Experts say hospitals are an important point of access for those experiencing trafficking. (Steve Burns/WFIU-WTIU News)
More cases of human trafficking are being identified across the country each year, including in Indiana. Hospitals and medical professionals can play a large role in tackling the issue, but it’s not an easy task.
Experts are implementing what they say is an easier, more efficient way to get healthcare workers the training they need.
Center of Hope
Robin Uberta, a forensic nurse examiner, works in the Center of Hope at Community Health East in Indianapolis. (Steve Burns/WFIU-WTIU News)
There’s a small room, tucked in an inconspicuous spot at Community Health East in Indianapolis. A lot of people won’t ever know it’s there. It’s called the Center of Hope, and it’s where Robin Uberta, a forensic nurse examiner, spends her days.
She sees patients who come in to the emergency department and may have injuries because of abuse, neglect, or violence.
"Nurses are the most trusted profession, so I’m always surprised how much patients open up to me so quickly," Uberta says.
Uberta says sometimes patients just want support. Other times they might want a sexual assault kit done or their injuries photographed.
She sees all types of patients, including those who are victims of human trafficking.
"We have a really unique role in health care that at some point these trafficked victims are going to need some type of medical treatment from a physician, whether it’s to get antibiotics or to get on birth control," Uberta says.
Uberta says simply recognizing a patient is being trafficked is difficult. They don’t always know they’re being trafficked, and their trafficker could be a significant other or even family member.
But identifying cases is critical. According to the non profit anti-trafficking group Polaris Project, hospitals are the third point of access for those experiencing trafficking.
Zach Herndon/WFIU-WTIU News
So getting healthcare workers the training they need is key.
"It’s not just physicians and nurses," says Family Nurse Practitioner Kristina Currier. "It’s security, the intake people, the triage people. Every point in that healthcare syste, someone would be able to recognize if they’re trained properly."
There are barriers in making that happen though.
Kate Kimmer works with the Indiana Coalition to End Sexual Assault. She says there’s a lot that goes into training healthcare workers, not just teaching them to notice the red flags.
"Ok great, you can tick a box, I identified somebody, but like seriously, then what? Who’s your law enforcement partner, who’s your service providers you’re referring to, how can you get that person help if they want it?" she says. "That’s kind of a bigger part of the conversation than just identifying."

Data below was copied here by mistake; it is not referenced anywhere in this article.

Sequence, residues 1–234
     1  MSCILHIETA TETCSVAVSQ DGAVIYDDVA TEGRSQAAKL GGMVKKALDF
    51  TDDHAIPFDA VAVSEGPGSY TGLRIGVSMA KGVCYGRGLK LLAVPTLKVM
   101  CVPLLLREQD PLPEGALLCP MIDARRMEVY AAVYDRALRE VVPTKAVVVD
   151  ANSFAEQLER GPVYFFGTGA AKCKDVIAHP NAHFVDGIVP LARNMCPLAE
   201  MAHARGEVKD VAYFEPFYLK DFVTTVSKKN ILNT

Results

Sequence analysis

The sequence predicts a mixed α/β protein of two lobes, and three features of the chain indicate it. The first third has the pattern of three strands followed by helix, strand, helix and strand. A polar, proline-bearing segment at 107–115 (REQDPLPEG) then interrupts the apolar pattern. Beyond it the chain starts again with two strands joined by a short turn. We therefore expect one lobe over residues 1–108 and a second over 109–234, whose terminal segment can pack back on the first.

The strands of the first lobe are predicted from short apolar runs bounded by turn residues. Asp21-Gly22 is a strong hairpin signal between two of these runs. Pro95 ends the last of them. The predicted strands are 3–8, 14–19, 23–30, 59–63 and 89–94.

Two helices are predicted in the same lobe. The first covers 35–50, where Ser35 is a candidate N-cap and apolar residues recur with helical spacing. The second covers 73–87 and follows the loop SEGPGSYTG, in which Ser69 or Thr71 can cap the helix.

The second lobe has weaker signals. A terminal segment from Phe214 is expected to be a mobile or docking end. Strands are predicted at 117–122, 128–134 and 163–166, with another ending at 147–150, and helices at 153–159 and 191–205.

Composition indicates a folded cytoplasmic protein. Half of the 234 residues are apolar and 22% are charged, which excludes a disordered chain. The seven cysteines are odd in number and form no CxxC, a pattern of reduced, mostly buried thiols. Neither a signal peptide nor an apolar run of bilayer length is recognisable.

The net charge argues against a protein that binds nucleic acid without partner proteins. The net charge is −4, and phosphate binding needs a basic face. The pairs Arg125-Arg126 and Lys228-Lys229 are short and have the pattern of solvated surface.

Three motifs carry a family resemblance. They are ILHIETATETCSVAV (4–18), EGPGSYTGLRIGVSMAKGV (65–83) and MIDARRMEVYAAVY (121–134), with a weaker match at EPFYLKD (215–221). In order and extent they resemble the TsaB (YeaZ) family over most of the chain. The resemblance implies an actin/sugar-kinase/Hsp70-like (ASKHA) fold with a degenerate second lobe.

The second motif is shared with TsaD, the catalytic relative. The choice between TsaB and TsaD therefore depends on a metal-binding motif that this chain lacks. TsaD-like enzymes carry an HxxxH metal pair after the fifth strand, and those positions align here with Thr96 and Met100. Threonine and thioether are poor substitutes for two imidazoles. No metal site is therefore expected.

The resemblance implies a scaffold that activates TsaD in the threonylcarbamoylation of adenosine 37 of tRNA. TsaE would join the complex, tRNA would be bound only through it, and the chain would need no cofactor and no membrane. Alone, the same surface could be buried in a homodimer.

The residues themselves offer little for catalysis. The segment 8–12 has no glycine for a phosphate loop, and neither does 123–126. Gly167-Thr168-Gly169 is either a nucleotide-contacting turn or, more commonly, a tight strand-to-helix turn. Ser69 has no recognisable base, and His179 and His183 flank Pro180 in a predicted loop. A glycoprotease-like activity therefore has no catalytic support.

And the next challenge is time. Healthcare providers are busy, so locking them into a comprehensive training seminar isn’t easy.
New webinar makes training easier, more sustainable
The video includes information about trafficking laws and red flags. (Lindsey Wright/WFIU-WTIU News)/
Members of the Indiana Protection of Abused and Trafficked Victims, or IPATH, task force are launching a 90 minute webinar that hospitals can use to help their employees get the information they need and at a time that works for them.
"That would be that kind of general call out that people could watch anytime and check their knowledge make sure they know their knowledge and would have access immediately to certain referral pathways and resources within the state of Indiana," Kimmer says.
The video includes information about trafficking laws and red flags. It also breaks down the stereotypical illustration of human trafficking, which is young females kidnapped, bound and gagged. Although there are cases like that, the video says it's more typical for victims to look like everyday people.
Facilities across the state can use the webinar. Then hospitals can request more training. An IPATH trainer would work with selected hospital staff, then those folks would take ownership of that training in their facility from then on out.
Experts say it’s a more sustainable and comprehensive way for hospital workers to not only receive training, but get on the same page.
And Uberta thinks it’s a step in the right direction.
"We need to talk about how it impacts our community and how these people are coming through our hospitals and how we can make a difference with protecting them," Uberta says. "They’re no different than any other type of victim of violence that we dedicate our time to."
Uberta says she's looking forward to implementing this new system into her own health network, because she's seen the difference training can make. She says after some Community Health staff members previously received training, they identified more than a dozen trafficking victims in 2017.